Sam Harris is the poor man’s Richard Dawkins, and he was recently at Notre Dame University to debate whether or not God is the source of morality. In an amusing and at time affecting meditation on the entire phenomenon of our Latter Day Atheists and their determined efforts to set science over and against religion, Notre Dame professor of philosophy John O’Callaghan wonders how it is that we’ve come to the point of imagining that our scientific explanations are at odds with our beliefs about God.

Must we chose between scientific explanation and belief in the God who is the creator of heaven and earth? Here’s part of O’Callaghan’s answer :

The greatest among our Christian forebears certainly didn’t think we had to. Even if one remains unconvinced by the logic of Aquinas’ Five Ways, the attitude expressed in them is not one of natural explanations in competition with God. His natural science was almost unimaginably false with regard to what we now know or claim to know. But the reality of natural causes that allows for scientific understanding was for him the best and “most manifest” argument for the existence of a god, a god Who does not compete with His creatures but, rather, enables them.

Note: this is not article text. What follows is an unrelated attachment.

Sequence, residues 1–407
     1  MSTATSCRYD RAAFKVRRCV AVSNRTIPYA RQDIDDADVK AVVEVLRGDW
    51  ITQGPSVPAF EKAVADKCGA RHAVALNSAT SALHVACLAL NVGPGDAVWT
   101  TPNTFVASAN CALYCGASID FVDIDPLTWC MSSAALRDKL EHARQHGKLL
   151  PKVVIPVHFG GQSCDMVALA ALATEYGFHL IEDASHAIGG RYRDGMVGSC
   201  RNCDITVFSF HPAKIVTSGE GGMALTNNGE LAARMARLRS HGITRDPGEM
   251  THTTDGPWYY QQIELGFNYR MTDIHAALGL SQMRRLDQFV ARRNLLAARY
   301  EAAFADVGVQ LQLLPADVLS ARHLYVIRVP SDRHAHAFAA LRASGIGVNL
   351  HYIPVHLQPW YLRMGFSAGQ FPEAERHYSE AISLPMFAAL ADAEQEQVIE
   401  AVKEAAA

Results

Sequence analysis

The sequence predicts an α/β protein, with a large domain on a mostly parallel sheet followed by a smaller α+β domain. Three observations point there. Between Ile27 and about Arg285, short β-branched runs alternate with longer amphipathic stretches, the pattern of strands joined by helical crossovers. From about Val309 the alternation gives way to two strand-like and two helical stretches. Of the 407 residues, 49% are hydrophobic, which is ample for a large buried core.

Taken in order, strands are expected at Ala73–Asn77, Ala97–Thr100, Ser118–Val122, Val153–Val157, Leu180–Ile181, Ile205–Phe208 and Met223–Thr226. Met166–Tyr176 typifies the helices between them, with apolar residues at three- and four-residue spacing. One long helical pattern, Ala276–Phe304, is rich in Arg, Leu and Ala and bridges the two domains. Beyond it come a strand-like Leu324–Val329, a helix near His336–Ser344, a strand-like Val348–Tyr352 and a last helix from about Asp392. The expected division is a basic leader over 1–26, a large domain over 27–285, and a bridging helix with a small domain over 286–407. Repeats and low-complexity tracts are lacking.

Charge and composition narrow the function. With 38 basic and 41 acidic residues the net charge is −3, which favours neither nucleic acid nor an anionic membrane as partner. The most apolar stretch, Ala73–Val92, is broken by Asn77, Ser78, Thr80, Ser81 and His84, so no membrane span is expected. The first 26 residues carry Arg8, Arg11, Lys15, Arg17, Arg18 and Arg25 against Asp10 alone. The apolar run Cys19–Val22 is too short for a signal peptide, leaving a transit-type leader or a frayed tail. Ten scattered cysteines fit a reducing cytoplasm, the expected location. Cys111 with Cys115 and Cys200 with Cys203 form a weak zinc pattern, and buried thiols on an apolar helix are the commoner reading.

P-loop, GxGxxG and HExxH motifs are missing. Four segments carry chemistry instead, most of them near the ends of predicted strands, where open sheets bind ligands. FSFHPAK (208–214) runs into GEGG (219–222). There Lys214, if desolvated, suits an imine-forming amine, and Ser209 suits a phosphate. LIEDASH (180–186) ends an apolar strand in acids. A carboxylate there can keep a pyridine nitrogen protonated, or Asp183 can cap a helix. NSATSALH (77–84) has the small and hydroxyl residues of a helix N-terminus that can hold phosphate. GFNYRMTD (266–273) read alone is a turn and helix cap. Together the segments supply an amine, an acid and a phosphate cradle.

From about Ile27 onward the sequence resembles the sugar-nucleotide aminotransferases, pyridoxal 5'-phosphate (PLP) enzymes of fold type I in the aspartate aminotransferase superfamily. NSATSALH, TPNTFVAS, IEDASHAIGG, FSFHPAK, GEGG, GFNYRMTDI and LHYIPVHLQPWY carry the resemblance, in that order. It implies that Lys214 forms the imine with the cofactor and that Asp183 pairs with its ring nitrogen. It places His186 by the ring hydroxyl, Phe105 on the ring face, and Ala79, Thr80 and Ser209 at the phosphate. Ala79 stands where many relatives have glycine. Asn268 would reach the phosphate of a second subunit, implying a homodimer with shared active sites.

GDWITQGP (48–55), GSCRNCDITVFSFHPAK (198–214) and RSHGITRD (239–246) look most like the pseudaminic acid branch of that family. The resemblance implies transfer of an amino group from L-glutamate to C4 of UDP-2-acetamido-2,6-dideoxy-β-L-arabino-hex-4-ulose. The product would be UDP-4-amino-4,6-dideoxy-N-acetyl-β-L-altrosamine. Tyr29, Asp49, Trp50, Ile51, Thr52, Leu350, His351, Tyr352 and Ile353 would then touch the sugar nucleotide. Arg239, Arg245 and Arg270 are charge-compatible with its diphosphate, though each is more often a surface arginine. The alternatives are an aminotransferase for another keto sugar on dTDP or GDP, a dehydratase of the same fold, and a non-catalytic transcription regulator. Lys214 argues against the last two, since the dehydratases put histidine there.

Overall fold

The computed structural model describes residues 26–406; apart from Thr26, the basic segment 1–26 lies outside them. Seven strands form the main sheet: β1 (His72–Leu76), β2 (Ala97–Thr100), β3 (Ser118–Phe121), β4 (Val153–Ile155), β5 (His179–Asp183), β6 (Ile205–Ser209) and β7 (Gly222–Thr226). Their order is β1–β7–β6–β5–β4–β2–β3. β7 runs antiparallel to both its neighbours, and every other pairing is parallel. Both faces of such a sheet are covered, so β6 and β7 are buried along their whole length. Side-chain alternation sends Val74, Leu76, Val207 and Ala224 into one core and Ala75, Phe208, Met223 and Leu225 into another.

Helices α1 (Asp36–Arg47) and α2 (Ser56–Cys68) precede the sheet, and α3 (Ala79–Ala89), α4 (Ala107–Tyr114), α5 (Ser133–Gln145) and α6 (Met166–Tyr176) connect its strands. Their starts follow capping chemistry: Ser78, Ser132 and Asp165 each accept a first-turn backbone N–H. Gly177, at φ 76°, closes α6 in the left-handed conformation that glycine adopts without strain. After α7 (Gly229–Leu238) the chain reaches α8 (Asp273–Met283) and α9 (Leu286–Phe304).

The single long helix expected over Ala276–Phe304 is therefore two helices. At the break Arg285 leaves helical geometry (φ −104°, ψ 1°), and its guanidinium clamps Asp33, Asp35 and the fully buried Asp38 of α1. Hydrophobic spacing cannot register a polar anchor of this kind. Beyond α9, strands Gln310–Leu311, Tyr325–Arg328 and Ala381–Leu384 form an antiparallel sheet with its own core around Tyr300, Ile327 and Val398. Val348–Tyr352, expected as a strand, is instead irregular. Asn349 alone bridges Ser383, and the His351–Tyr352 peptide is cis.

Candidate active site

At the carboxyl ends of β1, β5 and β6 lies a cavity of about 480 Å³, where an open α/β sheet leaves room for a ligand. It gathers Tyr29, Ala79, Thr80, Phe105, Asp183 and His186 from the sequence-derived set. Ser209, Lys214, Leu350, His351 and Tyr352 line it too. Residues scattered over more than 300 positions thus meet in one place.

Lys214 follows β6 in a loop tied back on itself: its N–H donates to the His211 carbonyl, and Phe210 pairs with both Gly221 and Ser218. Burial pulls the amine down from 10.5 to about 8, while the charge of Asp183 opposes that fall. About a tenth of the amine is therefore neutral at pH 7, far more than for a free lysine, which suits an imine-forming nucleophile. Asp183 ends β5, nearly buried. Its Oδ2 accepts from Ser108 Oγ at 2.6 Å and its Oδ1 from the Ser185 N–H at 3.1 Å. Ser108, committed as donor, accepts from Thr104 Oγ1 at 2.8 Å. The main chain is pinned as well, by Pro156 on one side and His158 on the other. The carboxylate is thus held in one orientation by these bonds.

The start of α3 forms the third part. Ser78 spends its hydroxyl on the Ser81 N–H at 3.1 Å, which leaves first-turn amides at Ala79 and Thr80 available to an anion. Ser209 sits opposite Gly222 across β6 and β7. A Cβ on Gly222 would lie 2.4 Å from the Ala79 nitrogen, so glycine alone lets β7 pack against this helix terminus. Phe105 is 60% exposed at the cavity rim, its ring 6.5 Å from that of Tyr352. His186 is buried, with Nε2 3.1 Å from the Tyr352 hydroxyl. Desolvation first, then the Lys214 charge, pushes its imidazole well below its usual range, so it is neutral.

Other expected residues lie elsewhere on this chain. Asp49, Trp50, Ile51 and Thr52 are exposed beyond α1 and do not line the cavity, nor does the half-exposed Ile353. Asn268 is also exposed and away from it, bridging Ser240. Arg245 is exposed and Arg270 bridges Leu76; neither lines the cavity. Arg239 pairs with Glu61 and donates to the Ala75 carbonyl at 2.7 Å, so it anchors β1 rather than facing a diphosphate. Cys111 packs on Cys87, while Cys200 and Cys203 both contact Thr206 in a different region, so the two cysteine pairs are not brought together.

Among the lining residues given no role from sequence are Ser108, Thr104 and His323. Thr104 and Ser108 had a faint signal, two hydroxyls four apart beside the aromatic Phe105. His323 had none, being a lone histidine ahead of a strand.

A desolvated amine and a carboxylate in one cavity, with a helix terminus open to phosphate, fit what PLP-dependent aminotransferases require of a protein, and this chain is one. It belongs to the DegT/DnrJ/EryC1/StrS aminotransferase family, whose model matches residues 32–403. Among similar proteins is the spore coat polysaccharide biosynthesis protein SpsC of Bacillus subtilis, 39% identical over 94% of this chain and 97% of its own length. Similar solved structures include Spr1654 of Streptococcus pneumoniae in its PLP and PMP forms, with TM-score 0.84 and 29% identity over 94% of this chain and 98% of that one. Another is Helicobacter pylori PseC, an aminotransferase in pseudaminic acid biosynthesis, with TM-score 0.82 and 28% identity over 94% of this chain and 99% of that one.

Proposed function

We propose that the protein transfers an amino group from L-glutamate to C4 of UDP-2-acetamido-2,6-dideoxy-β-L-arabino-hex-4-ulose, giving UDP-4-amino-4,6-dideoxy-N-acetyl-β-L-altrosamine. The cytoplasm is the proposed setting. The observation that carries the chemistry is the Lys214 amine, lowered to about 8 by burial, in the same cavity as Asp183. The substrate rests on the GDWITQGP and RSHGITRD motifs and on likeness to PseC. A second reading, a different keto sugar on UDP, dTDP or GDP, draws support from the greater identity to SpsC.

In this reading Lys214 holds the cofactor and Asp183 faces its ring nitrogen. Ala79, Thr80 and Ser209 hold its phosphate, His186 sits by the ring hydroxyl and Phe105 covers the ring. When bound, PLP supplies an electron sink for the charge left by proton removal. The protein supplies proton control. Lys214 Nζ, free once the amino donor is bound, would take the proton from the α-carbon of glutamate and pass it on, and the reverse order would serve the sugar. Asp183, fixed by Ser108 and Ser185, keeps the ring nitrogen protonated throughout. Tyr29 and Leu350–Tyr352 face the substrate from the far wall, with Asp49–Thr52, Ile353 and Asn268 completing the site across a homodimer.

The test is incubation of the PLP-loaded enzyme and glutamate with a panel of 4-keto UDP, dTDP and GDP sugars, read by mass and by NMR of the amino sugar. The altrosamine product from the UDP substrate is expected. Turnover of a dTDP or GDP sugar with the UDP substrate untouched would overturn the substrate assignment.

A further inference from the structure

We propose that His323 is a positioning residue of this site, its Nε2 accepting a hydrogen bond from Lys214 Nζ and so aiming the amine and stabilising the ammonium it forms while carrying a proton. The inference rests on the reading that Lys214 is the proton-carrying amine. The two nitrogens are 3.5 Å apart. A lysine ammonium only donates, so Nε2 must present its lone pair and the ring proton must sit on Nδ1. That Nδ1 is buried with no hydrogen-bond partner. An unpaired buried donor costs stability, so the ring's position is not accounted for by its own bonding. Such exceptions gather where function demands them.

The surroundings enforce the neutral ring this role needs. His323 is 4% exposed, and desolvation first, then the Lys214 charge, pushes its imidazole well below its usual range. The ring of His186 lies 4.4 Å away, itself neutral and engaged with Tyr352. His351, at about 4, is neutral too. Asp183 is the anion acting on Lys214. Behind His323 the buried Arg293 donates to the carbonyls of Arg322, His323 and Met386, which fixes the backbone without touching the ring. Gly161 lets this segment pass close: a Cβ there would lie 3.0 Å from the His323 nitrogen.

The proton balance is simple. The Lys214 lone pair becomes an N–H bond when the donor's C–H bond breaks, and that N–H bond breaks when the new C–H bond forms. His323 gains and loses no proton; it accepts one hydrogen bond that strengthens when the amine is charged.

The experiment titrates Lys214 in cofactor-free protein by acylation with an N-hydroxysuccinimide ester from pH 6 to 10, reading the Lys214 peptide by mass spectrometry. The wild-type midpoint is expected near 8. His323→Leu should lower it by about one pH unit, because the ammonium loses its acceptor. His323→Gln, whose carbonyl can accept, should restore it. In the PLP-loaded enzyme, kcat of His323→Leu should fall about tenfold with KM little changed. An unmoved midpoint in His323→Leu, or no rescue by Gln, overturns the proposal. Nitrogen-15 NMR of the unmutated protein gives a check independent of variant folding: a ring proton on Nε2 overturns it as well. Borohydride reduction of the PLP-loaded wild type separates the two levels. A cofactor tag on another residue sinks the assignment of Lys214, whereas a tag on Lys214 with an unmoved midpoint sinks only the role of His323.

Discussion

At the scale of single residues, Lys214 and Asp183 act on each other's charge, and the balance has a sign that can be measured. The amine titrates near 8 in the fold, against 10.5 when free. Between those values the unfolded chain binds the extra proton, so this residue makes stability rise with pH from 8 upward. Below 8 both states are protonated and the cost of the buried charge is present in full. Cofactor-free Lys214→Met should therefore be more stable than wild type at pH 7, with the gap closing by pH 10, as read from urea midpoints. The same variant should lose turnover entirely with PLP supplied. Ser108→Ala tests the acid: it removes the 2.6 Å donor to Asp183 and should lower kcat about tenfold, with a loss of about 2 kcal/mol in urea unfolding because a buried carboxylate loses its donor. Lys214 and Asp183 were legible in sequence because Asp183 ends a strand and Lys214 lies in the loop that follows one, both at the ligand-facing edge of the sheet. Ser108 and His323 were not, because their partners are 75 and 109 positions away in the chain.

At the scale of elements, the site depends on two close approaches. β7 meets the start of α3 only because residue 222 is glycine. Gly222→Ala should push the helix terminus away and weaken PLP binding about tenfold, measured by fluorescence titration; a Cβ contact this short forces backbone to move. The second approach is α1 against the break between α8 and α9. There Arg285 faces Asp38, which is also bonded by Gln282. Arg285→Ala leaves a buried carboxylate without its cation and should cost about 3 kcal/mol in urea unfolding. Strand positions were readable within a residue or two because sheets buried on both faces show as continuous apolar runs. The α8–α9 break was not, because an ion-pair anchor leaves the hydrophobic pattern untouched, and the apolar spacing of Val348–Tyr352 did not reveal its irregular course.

For Aquinas, God was not an alternative hypothesis or theory to be superseded by subsequent science; on the contrary God was the best explanation for why there is an intelligible world at all to be understood by successive stages in science. Without God, there is no science and no scientific progress. The best reason for thinking there is a God, after the fact that your mother told you so, the same mother who told you who your father is (and I dare you to tell her you don’t believe her!), is the glory of science, not its failure. The glory of God displayed in scientific explanation “gathers to a greatness, like the ooze of oil Crushed.” (Homework for Sam Harris: explain that line from Hopkins’ poem.)

Well put, as is the rest of his meditation on the strange phenomenon of atheists who imagine that science provides them with trump cards.

Articles by R. R. Reno

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